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Defendant Host Did Not Breach Duty to Minor Plaintiff Who Was Injured in ATV Accident at his Property Where Plaintiff’s Father Permitted Plaintiff to Participate in the Activity and Knew or Should Have Known of Its Risks
Lasley v. Hylton
In Lasley v. Hylton, No. 132408 (Supreme Court of Virginia, October 31, 2014), the Court examined the legal duty owed by a host to a child social guest when the child’s parent is present and supervising the child, which was an issue of first impression for this Court. In the underlying case, the minor Plaintiff, age eight (8), was injured while operating an all-terrain vehicle (“ATV”) at Defendant’s property during a cookout. The ATV had a warning that it should not be operated by anyone under twelve (12) years of age. Nonetheless, the minor Plaintiff’s father allowed the minor Plaintiff to operate the ATV. The minor Plaintiff almost immediately lost control of the ATV, tipped it, and was thrown to the ground, sustaining multiple injuries, including a fractured shoulder.
The minor Plaintiff sued the Defendant through her mother, contending that Defendant was negligent and grossly negligent by allowing and assisting the minor Plaintiff to operate the ATV, failing to advise of the warnings displayed on the ATV, and failing to heed the warnings.
At trial, Defendant testified that he relied on the child’s parent, to decide whether she could safely drive the ATV. The Defendant was never asked, and never agreed, to supervise the minor Plaintiff. In fact, the minor Plaintiff’s father was present and assisted the minor Plaintiff while she rode. Defendant admitted that he knew the approximate age of the minor Plaintiff; that he did not ask whether she had driven an ATV before; and that he never discussed the warnings on the ATV with the minor Plaintiff or her father.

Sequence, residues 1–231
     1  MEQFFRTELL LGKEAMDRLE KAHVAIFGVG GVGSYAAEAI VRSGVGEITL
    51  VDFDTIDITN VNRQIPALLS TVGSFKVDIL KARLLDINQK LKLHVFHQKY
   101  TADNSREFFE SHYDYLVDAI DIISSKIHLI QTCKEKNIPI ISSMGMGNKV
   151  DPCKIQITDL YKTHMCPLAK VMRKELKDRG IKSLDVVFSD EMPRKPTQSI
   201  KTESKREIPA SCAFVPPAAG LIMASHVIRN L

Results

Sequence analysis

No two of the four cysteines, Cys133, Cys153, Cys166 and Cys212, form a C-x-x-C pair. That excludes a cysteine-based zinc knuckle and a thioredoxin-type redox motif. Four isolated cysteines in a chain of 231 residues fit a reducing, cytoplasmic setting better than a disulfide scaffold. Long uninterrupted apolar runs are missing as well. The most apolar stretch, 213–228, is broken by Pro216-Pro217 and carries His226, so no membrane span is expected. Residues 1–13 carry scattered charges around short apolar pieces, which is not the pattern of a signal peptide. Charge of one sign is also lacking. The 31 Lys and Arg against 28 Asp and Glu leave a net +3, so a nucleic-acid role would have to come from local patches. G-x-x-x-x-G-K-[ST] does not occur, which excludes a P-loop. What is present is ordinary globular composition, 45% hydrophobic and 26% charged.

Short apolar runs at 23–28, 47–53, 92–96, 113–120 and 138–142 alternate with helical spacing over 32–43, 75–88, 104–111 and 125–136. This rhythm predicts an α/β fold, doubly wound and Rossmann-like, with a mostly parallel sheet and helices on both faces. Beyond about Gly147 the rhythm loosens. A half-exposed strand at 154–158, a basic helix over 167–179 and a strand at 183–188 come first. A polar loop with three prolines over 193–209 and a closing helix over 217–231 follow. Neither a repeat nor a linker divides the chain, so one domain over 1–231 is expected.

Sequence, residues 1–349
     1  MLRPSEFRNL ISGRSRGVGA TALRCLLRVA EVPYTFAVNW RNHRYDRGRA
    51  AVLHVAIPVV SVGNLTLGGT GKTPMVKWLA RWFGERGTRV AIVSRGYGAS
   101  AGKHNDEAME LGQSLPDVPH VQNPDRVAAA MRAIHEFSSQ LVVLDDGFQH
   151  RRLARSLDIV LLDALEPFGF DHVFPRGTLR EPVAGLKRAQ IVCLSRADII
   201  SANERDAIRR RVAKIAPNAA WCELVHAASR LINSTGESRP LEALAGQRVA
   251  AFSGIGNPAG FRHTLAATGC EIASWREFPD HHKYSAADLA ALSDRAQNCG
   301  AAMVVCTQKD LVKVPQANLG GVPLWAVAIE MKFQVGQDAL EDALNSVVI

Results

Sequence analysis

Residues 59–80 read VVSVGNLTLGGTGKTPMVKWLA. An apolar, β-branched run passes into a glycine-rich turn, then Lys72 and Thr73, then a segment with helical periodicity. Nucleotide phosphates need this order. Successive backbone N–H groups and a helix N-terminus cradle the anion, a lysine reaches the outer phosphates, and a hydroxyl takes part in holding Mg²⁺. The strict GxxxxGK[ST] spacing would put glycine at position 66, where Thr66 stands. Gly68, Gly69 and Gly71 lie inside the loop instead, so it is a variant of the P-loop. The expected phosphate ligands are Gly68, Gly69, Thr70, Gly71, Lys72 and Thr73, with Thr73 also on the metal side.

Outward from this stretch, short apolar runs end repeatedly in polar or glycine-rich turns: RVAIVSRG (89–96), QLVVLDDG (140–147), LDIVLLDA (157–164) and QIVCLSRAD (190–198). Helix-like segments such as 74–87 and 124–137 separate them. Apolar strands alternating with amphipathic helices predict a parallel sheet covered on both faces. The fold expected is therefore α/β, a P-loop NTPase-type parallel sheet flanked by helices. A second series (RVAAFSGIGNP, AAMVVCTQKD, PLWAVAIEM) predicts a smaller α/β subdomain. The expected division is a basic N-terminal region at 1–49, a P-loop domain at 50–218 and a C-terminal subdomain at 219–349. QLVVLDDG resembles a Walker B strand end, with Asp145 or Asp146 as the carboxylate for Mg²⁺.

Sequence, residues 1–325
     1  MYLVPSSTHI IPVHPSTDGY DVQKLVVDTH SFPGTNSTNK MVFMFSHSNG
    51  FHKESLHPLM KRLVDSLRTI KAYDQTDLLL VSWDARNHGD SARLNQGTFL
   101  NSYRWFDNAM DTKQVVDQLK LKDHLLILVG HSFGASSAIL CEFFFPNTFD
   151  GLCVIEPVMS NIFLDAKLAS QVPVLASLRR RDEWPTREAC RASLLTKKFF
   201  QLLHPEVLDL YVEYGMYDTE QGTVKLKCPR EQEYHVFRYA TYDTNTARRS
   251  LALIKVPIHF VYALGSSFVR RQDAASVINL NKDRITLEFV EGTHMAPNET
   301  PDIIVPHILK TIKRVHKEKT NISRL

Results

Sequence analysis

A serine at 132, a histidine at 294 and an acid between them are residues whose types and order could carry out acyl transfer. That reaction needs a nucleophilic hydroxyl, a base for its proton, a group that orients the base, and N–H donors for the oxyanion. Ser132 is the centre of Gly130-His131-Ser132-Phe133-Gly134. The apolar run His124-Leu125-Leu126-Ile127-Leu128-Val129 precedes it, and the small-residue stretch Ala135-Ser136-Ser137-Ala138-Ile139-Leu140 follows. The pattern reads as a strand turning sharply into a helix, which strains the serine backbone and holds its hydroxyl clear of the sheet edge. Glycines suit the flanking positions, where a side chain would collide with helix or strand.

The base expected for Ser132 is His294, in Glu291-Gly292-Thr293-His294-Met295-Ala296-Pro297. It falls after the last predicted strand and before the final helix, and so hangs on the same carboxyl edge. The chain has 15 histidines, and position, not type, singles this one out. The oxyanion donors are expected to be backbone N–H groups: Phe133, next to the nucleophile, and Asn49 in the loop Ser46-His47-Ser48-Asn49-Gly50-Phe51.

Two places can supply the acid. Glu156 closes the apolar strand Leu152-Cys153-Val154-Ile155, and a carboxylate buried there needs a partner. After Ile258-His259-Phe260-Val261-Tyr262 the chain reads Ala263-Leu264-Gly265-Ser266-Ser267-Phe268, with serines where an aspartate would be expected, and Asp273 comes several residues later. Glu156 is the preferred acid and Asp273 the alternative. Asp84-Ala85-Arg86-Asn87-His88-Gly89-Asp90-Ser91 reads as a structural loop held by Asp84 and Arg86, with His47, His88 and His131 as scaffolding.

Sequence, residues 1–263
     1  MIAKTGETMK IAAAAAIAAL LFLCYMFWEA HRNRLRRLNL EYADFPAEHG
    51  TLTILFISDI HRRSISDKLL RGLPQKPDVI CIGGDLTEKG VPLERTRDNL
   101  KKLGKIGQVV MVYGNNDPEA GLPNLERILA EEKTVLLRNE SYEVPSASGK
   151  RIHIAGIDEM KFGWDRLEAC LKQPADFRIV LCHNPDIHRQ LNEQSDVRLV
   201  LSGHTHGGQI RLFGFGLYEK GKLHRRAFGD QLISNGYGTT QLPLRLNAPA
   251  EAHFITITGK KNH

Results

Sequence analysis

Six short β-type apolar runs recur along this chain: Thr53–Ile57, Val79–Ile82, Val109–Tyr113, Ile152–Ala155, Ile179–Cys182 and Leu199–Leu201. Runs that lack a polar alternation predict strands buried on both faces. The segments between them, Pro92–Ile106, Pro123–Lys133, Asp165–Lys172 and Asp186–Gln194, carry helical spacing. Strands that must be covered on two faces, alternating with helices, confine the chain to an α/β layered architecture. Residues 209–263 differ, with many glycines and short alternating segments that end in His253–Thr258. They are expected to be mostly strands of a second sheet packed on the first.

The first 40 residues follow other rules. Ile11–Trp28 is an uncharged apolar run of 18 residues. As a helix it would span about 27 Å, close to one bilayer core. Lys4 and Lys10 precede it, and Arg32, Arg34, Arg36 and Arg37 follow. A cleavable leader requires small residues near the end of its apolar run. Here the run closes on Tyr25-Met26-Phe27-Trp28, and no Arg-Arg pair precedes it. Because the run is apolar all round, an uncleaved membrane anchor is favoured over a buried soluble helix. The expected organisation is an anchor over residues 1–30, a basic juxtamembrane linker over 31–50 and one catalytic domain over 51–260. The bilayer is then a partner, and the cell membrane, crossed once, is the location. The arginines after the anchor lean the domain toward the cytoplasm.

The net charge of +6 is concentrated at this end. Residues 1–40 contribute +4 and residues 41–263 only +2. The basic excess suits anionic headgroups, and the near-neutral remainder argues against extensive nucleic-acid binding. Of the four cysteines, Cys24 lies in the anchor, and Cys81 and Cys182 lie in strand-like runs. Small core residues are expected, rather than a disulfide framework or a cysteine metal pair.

At the conclusion of Plaintiff’s case, Defendant moved to strike the evidence. The trial court granted the Defendant’s motion and entered judgment in his favor. The trial court reasoned that in the absence of evidence of a special relationship or evidence that Defendant assumed a duty to supervise the minor Plaintiff, he had no duty to the minor Plaintiff that could support a finding of negligence.
The Virginia Supreme Court affirmed on appeal. The Court noted that the risks of riding on the ATV were open and obvious to the minor Plaintiff’s father, and he still permitted the minor Plaintiff to ride the ATV. While a social host has a duty to exercise reasonable care for a child’s safety, Defendant satisfied this duty when he ensured that the minor Plaintiff was being supervised by her father and had the father’s permission to ride the ATV. If a child’s parent is present and supervising, and knows or should know of open and obvious risks associated with an activity, a host does not breach the duty of reasonable care when he or she allows the child to participate in an activity with the parent’s permission. Therefore, the appellate court affirmed the judgment of the trial court and concluded that the trial court had properly granted judgment in favor of the Defendant.
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